Following a tumultuous qualifying campaign for the 2014 FIFA World Cup Brazil™, which featured a series of coaching changes and resulted in Mexico needing a play-off against New Zealand to finally secure their tournament ticket, current boss Miguel Herrera and his El Tri charges look to have definitively turned the page on those travails.

Indeed, the vibe emanating from the Azteca camp could barely be more different to the darker days of the North, Central America and Caribbean Zone qualifying phase, with plenty of good humour and smiles on show – particularly in a squad ‘selfie’ that ran riot on social networks. Nor are hope and expectation in short supply either, despite being drawn in Group A alongside host nation and title favourites Brazil.

With only around a fortnight to go before his side tackle A Verde e Amarelo, El Piojo Herrera spoke with FIFA.com about the shared footballing history between Brazil and Mexico, including how his country fell in love with the 1970 Seleção; El Tri’s big-game hoodoo over the South American giants; and how Brazil will need to watch out for “our hard work and determination” come 17 June in Fortaleza.

FIFA.com: Mexican fans have a real soft spot for Brazilian football, possibly thanks to the manner of A Canarinho’s victory at Mexico 1970. What does it mean to you and the squad to play at these finals in Brazil?
Miguel Herrera: Well, we all saw how the Mexican people fell in love with Brazil in Guadalajara [where Pele and Co played all but one of their matches at Mexico 1970], while they also got great backing at the [Mexico] 1986 finals. There’s a special fondness for them back home, thanks to how much those two World Cup experiences with them meant. For us it’s something truly exceptional to be here, though we can hardly expect the home fans to support us as we’re in the same group [as Brazil]. That said, it’d be fantastic if we can both qualify [for the Round of 16]. I’m sure the fans will get behind us and support us once that second group match [between the teams] is over, while loads of Mexicans will come down too. Let there be no doubt, us Mexicans get everywhere!

Mexico have always proved testing opponents for Brazil and have even beaten A Seleção in a number of decisive encounters. How do you explain this trend?
There’s no question we perform better against stronger teams – that’s always been the case with us. When Mexico face up to Brazil of course they're really up for it, they look to put in a big performance. We lost 2-0 against them in the last Confederations Cup, though they only got their second late on. We had played well and even had chances to level the match. In the [final of the] Olympic Football Tournament [in 2012] Mexico won, while at the last U-17 World Cup [in 2013] we won too [on penalties in the quarter-finals]. We generally play good football against Brazil. We mustn’t forget that we’re going to be taking on the host nation, historically the competition’s strongest side, but we have to give it absolutely everything. Beating Brazil in Brazil would get us noticed and make us feel on top of the world. That’s the way we need to approach this.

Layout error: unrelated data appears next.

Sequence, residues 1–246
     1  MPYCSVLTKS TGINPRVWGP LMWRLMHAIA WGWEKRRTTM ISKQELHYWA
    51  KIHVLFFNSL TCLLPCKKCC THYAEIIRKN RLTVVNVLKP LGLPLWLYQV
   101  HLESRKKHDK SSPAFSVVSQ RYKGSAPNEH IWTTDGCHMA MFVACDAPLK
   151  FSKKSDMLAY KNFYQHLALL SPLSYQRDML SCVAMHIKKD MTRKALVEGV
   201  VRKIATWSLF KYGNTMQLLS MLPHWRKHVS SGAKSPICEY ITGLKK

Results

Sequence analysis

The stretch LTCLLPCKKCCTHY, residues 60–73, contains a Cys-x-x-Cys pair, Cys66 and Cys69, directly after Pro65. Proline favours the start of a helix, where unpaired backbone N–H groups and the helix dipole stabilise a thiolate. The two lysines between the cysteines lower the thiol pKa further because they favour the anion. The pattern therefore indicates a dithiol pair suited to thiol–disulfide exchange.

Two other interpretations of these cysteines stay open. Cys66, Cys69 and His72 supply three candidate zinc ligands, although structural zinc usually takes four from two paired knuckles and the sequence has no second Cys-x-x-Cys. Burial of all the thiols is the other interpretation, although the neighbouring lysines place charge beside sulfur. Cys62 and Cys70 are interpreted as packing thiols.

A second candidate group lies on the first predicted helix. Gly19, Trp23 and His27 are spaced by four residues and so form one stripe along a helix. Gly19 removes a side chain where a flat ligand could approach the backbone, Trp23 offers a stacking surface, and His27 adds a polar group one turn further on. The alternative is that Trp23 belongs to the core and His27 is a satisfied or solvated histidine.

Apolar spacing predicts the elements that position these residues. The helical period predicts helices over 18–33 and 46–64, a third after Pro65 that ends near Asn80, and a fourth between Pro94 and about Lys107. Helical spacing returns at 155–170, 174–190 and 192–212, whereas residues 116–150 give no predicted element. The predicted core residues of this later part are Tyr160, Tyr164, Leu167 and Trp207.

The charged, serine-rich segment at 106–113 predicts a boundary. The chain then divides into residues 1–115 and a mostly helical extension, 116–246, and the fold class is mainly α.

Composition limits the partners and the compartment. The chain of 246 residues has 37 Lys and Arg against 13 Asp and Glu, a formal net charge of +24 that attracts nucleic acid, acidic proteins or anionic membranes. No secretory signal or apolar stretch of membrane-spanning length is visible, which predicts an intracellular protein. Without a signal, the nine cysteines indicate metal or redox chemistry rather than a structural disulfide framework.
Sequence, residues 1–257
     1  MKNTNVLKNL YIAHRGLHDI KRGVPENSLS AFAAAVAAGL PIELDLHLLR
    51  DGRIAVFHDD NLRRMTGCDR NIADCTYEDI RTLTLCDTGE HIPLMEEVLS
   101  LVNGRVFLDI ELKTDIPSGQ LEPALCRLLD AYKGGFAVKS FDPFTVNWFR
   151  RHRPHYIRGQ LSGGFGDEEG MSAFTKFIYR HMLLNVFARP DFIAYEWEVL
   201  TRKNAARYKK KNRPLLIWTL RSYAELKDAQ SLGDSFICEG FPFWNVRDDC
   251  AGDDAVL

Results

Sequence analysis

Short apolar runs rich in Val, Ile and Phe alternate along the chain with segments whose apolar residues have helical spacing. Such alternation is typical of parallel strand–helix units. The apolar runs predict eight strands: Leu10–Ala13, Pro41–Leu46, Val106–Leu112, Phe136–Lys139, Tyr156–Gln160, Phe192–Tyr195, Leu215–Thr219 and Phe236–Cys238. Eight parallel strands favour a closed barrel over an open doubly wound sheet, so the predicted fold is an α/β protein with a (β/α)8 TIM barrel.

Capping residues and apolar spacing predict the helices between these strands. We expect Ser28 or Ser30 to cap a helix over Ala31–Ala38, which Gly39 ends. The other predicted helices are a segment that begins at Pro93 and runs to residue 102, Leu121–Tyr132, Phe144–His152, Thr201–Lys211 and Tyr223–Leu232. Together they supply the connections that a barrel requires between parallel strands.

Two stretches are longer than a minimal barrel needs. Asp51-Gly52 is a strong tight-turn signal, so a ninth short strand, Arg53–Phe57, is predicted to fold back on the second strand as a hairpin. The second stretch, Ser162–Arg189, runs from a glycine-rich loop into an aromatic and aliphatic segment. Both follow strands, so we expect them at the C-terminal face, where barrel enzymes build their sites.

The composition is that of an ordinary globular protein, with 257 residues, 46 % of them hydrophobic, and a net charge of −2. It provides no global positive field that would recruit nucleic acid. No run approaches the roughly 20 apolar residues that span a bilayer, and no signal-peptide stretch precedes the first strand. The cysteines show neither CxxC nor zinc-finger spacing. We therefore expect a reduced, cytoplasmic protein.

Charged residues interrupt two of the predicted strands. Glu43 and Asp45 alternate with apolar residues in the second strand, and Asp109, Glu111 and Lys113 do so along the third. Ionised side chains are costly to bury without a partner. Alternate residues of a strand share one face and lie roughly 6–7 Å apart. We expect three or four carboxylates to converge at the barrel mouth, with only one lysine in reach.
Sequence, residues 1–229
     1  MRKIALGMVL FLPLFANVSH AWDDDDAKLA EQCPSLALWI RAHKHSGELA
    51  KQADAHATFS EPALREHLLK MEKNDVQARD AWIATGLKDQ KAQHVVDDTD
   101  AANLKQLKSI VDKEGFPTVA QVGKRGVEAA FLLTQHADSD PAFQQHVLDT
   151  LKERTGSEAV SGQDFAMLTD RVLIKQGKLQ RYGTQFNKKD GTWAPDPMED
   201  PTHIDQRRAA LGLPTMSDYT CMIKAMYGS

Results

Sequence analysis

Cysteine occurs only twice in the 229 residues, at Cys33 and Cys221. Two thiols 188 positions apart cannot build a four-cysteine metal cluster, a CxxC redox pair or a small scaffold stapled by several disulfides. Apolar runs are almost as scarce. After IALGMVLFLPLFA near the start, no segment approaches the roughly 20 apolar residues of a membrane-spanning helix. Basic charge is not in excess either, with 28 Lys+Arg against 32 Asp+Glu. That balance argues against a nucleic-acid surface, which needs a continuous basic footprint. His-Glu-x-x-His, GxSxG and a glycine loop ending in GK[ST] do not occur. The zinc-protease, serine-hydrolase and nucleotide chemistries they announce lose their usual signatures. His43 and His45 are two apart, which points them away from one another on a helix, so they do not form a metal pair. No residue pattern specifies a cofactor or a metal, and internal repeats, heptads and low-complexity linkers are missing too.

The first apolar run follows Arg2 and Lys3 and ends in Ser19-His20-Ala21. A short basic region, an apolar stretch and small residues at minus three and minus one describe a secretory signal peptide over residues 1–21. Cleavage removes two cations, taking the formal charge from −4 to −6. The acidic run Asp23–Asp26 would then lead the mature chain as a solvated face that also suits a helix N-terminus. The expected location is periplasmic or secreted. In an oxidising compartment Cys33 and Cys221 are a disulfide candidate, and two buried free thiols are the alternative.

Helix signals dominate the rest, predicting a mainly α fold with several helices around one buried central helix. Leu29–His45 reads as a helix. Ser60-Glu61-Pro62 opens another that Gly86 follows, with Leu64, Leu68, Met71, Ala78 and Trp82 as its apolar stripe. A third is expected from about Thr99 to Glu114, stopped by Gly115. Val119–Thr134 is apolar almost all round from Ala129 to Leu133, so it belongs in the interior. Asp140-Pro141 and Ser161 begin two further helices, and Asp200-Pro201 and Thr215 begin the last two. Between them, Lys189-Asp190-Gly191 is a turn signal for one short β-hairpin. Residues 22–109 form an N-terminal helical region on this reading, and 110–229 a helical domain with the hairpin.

We can play well against the big teams.

Mexico coach Miguel Herrera

What will Brazil need to be wary of when they face Mexico?
Our hard work and determination. We’re going to fight for and try to win every loose ball. I’m also certain we’ll cover a lot more ground than them, because if we want to win we’ll have to run our socks off. They’re a team that knows what to do with the ball, featuring players who can turn a game in an instant and can easily beat one or two men. There’s Neymar and Hulk, while I could list four, five or even six of their players who are all capable of tipping the balance. But if we can manage to double up on them in most areas of the pitch and prevent them running with the ball too much, I think we can be solid enough to then try and score ourselves. 

Is there any one Brazil-Mexico clash you remember particularly vividly?
All the games we’ve played against them that I’ve been involved with or watched have been positive for Mexico. There was the Confederations Cup [in 1999] when we beat Brazil [in the final] in Mexico, or that [CONCACAF] Gold Cup they were invited to take part in [and lost to Mexico in the final in 2003]. I once even came to play [for Mexico in] a friendly against Brazil in Maceio, which we drew 1-1. I repeat, we can play well against the big teams.

Will Neymar be the hosts’ main threat on 17 June?
Well clearly, as I feel he’s Brazil’s most gifted player. He’s the figurehead of this team and currently of this World Cup, as it’s on home soil. They love him here. We’ll have to be really on our toes to stop a player of his ability.

How do you stop him?
By trying to stop him receiving the ball, that’s the best way. Once he’s got the ball he’s a guy who can tip the balance – he’s got so much skill he can beat one, two or even three players. We have to try and cut off the service: stopping him getting on the ball will be really important.

Can you draw any conclusions from the tactical approach used by Mexico versus Brazil in the final of London 2012? It worked perfectly then…
Totally, we’re going to try and cut off the service like on that day. Neymar didn’t see much of the ball and that’s how Mexico won the game. We’ll try something very similar. That said, given that this time we’re facing the senior Brazil side there’ll be even more quality players, but there’s no doubt we’ll keep a watchful eye on preventing Neymar linking up with his team-mates and vice-versa.